Friday, March 10, 2017

This Is How My Daughter Celebrated International Women's Day

Forgive my self-indulgence on this snowy Friday. My younger daughter Emily is a second-year chemistry and physics teacher at City On A Hill Charter School on Circuit Street in Boston. The students at COAH are 98% minority and 83% low-income. Twenty-four percent are eligible for special education services and 10% are English Language Learners. Student outcomes are stellar; for example, 91% of COAH students scored proficient or advanced proficient in tenth-grade language arts on Massachusetts’ Common Core-aligned standardized assessments and 81% were proficient or advanced proficient in math.

 On Wednesday, in honor of International Women’s Day, Emily switched it up a bit in her physics classes and taught a lesson called “Data on Girls in STEM Classes."  Students were presented with a series of graphs on gender differences in STEM fields. Here’s an example:

Figure 4: Bachelor’s Degrees Earned in Selected Science and Engineering Fields, by Gender, 2007

After analysis and discussion of the graphs, the class read an article called “Are Women Worse at Math? It’s Time to Stop Asking,” followed by this writing prompt:
Reflect: Below, propose one specific step our school, community, or policymakers could take to address the issues facing women and girls in STEM. Why did you choose it? Why is it important?
Here are some student responses:
Start one commercial campaign that demonstrates the excellence that girls can do and how successful they can be. This will fill growing girls with self-esteem to become something greater and achieve more than men.
Schools can take one day to talk about women and their struggles. Educating everyone about women and coming up with alternatives to better women’s futures. It’s important because women are just as important as men.
We could have meetings with the women to talk about the issues going on in society and try to take a stand. 
An idea I have for my school and community is that they should offer more video game-related classes and fields , specifically for women and girls. In the gaming industry it is male-dominated; there’s the stereotype that video games are a male thing. I find that false because there are girls who love video games, like me. I’m referring to girls who are actually gamers. It’s important because there are very few female game developers , designers, programmers, artists, audioists, managers, etc. I know that there are girls like me who want to be in the gaming industry.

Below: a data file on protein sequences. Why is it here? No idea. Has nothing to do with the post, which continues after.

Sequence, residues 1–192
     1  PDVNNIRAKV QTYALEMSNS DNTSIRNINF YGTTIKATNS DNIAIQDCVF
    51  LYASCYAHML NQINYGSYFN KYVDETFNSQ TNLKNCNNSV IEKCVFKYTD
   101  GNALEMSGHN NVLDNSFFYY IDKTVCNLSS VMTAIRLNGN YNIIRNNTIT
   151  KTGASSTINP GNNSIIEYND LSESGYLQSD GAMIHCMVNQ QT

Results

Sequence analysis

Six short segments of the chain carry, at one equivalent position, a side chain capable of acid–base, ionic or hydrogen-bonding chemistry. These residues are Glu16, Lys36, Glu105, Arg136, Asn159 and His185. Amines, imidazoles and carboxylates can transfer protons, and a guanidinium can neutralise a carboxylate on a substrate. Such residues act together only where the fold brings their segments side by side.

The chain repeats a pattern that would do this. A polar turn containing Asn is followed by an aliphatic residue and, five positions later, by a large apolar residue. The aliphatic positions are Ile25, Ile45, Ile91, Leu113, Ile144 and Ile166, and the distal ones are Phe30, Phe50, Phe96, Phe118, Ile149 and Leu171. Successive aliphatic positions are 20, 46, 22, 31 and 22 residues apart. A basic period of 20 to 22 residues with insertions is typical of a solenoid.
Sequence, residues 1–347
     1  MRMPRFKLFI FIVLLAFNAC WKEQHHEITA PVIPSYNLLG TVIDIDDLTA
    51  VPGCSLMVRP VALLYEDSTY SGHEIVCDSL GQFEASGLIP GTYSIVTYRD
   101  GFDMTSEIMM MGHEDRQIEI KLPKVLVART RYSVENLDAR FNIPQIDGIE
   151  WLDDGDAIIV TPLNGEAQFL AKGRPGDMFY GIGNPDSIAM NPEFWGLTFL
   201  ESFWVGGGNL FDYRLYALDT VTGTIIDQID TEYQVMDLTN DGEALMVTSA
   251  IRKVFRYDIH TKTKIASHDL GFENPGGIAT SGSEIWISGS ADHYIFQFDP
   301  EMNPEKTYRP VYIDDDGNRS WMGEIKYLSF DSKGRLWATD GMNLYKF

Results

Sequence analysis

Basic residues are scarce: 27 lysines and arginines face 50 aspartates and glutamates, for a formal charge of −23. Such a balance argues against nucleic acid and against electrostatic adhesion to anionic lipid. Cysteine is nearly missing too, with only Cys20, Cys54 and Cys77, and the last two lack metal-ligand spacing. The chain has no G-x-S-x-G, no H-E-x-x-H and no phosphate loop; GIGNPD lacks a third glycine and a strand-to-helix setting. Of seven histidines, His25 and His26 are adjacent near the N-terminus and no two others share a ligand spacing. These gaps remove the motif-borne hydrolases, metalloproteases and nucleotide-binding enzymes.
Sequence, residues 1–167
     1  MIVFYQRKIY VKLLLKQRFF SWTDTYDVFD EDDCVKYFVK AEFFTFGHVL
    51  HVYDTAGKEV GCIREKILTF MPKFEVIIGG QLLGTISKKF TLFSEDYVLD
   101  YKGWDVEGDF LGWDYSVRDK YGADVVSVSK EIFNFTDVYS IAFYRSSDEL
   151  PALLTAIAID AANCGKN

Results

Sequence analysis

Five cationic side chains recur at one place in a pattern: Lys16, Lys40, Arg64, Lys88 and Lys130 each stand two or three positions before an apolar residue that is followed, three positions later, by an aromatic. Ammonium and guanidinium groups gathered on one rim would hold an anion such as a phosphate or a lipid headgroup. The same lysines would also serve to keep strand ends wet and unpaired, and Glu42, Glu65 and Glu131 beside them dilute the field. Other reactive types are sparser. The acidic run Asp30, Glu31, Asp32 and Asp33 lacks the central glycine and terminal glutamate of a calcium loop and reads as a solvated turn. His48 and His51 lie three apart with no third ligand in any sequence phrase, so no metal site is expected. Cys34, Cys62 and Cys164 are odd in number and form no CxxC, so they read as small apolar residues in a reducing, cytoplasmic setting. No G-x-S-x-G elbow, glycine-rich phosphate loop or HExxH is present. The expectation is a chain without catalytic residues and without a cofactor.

I'd be remiss to not point out that Massachusetts suburbanites voted down a proposition in November that would have permitted Boston to add twelve new charter schools, a demonstrated need because currently  34,000 Boston students are sitting on charter school waiting lists. You can thank teacher union president Barbara Madeloni for the state's rejection of Prop 2. Meanwhile, I'm thankful to have a daughter like Emily.


me said...

I love this!!! And boy, does it put the lie to allegations about "segregation" in charter schools. Way to go, school and daughter (and mom for raising her) :) - Liz Winslow

NJ Left Behind said...

Thanks, Liz!

Unknown said...

You were doing fine until the dig at teachers union. For an article claiming to be pro-STEM, your opinion was weak on facts.

YOU might want to look at the STATISTICS regarding charter school performance. I'd also suggest you and your readers examine the premise that Boston waiting lists reflect the need for charter schools.

Instead, it is likely that we need more resources put into k-12 public education to make it successful -- NOT less. There is considerable evidence that charter schools exacerbate the problem of race and gender inequality, that charter schools statistically under-perform when income, race, and gender variables are constant.

There are good reasons that unions are anti-charter schools. One of which is because they create duplicate systems (inefficient!). Another reason is because the pay and benefits are so low that it becomes difficult to attract high quality employees, further eroding the middle class and further eroding tax base for education.

There is over a decade of evidence on charter schools. Don't jump to easy conclusions.
Mom and Grandma and Foster Parent (CREDO study is most positive findings for charter schools, but read beyond the headlines and echo-reporting - lots of reasons to NOT jump to divesting from public education)